Art d’Ecco: Androgynous Glitter Melancholy

J.N. 23/04/2021

His official story is he’s ensconced in a cabin in a remote coastal location that he has no interest in revealing. The closest he’ll get to discussing his coordinates is citing one of British Columbia’s lush and magical Gulf Islands.

Not that long ago, the enigmatic West Coast rocker and fashion plate known as Art d’Ecco had resigned himself to the death of his professional music career. His back story includes fleeing Vancouver years ago to hole up in a sprawling island home to care for an ailing grandmother, the relative solitude giving him ample time to invent the character that would become analogue-obsessed rocker Art d’Ecco. His 2018 album Trespasser was the trailer, bracing audiences for impact, and alongside its two subsequent singles – a cover of “This Flight Tonight” for a Joni Mitchell anniversary compilation, and the Gary Numan-esque “I’ll Never Give You Up” – served as tantalizing tasters on which the West Coast bit hard. An outpouring of fan art ensued, with love from critics, a live session for Seattle’s iconic KEXP, and performances at more than 75 clubs and music festivals across North America.

In 2020 he started working on his sophomore album In Standard Definition. Joining forces with producer/engineer Colin Stewart (Black Mountain, New Pornographers, Destroyer) in ocean-side studio The Hive, In Standard Definition sees d’Ecco packing his heftiest punch yet. Through Stewart’s vintage set up, a decoupage of authentic sounds was recorded to 2-inch tape on a 50- year-old console. Embellished with slick ‘70s drums production, it echoes with the textural ambition of Brian Eno’s Here Come The Warm Jets or Toni Visconti on Bowie’s Scary Monsters. Chin skywards, In Standard Definition struts with the striking tonal resemblance of ‘70s glam, oscillating between new wave and new romantic via C86 infusions, or the simplicity of John Lennon’s Plastic Ono Band. Earning his producer stripes, d’Ecco played musical ringleader, building the tracks’ layers with a revolving door of hand-picked musicians: jazz and blues players on horns, Victoria Symphony Orchestra’s string players, soul singers, and his suited and booted live band. And today it’s in your local record store!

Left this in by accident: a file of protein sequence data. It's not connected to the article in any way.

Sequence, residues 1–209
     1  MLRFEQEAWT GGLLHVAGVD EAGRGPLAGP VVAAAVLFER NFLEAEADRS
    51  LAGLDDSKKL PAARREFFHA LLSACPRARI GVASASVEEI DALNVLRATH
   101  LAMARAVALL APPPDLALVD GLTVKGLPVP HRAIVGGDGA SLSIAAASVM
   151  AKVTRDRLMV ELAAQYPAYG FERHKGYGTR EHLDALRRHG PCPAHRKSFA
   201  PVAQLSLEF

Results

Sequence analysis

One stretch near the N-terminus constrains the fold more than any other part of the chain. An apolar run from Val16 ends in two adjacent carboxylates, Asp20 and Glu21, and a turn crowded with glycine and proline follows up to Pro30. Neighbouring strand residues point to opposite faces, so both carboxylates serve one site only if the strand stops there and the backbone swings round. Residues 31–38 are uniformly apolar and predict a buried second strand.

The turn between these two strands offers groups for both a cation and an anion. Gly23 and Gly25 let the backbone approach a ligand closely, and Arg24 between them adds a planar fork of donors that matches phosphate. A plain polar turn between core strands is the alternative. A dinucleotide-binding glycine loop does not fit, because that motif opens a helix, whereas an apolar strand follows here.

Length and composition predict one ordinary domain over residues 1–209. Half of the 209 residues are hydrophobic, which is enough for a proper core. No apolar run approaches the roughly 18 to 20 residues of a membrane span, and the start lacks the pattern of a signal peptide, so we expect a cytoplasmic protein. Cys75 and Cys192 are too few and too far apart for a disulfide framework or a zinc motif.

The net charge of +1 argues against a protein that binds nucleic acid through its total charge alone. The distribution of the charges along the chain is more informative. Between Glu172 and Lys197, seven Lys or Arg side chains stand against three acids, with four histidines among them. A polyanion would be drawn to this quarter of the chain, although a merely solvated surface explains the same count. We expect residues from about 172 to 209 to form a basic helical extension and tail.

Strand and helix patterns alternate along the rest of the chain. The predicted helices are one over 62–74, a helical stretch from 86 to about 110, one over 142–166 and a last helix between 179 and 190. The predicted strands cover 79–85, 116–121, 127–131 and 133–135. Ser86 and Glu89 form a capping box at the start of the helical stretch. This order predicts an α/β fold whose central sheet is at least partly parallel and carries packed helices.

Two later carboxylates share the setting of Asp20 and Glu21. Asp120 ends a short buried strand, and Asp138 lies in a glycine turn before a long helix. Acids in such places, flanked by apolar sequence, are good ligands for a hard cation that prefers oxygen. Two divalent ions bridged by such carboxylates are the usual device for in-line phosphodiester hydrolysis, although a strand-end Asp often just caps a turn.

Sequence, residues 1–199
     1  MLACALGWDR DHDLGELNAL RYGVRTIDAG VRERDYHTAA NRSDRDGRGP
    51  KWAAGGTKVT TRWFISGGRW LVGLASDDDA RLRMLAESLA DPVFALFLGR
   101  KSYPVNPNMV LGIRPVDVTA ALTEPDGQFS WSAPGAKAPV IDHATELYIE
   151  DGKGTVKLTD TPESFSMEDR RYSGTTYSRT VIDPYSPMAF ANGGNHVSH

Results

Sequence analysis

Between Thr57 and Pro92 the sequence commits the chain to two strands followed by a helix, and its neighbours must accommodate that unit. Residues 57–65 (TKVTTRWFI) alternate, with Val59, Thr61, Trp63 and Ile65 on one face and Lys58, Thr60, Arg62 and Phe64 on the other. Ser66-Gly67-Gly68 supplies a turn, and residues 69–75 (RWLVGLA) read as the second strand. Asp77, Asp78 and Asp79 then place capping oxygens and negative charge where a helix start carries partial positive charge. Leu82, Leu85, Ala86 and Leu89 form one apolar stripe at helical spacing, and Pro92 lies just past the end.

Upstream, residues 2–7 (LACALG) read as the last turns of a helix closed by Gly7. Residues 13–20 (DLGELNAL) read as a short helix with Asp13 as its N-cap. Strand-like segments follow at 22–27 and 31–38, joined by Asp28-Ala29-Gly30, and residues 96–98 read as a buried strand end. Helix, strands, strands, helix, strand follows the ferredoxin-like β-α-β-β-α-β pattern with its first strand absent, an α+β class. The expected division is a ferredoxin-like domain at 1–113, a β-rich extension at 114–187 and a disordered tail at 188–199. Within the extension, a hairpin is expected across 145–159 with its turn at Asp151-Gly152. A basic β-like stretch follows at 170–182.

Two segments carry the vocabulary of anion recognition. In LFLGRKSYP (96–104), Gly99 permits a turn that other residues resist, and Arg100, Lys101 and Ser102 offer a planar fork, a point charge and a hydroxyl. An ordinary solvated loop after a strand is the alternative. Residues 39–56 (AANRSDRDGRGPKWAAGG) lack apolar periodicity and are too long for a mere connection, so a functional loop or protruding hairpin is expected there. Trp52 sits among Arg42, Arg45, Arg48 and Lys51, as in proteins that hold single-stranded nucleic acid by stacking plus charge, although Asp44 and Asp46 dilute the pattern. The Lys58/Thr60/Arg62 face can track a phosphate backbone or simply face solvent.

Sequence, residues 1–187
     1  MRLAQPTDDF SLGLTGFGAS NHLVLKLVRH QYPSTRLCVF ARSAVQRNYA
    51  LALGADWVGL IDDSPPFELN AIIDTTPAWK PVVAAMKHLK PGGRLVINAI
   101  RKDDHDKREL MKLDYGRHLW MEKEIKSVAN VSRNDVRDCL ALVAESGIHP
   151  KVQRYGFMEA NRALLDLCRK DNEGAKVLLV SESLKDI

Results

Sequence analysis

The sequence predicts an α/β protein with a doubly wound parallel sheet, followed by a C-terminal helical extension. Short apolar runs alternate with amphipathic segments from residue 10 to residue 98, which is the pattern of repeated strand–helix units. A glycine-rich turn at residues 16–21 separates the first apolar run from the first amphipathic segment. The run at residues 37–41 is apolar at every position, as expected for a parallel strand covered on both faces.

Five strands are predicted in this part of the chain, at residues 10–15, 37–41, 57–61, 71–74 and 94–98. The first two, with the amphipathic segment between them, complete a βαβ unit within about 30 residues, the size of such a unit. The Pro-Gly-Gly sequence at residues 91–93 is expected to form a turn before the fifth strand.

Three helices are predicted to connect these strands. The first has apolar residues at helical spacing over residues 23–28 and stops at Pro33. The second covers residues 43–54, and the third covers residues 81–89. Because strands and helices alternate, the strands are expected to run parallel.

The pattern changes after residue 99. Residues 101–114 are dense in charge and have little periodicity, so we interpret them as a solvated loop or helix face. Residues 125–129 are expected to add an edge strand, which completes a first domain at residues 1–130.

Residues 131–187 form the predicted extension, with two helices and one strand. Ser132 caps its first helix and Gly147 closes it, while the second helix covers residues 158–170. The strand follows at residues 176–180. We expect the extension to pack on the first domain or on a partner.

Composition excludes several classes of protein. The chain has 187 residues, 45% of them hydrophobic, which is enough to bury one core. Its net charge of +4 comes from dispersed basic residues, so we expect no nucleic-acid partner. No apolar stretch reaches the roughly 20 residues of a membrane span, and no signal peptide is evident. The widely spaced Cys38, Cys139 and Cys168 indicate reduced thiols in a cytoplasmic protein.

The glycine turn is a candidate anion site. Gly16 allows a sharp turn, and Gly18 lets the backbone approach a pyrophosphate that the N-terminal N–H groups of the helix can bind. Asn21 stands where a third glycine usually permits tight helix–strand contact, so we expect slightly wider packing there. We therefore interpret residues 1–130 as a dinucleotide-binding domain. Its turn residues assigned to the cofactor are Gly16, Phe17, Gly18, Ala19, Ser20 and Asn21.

Art d’Ecco pages

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About The Author

Music researcher with an unhealthy passion for music and music festivals. Former studio owner, semi-functional drummer and with a fairly good collection of old analogue synthesizers from the 70's. Indie rock, post rock, electronic/industrial and drum & bass (kind of a mix, yeah?) are usual stuff in my playlists but everything that sounds good will fit in.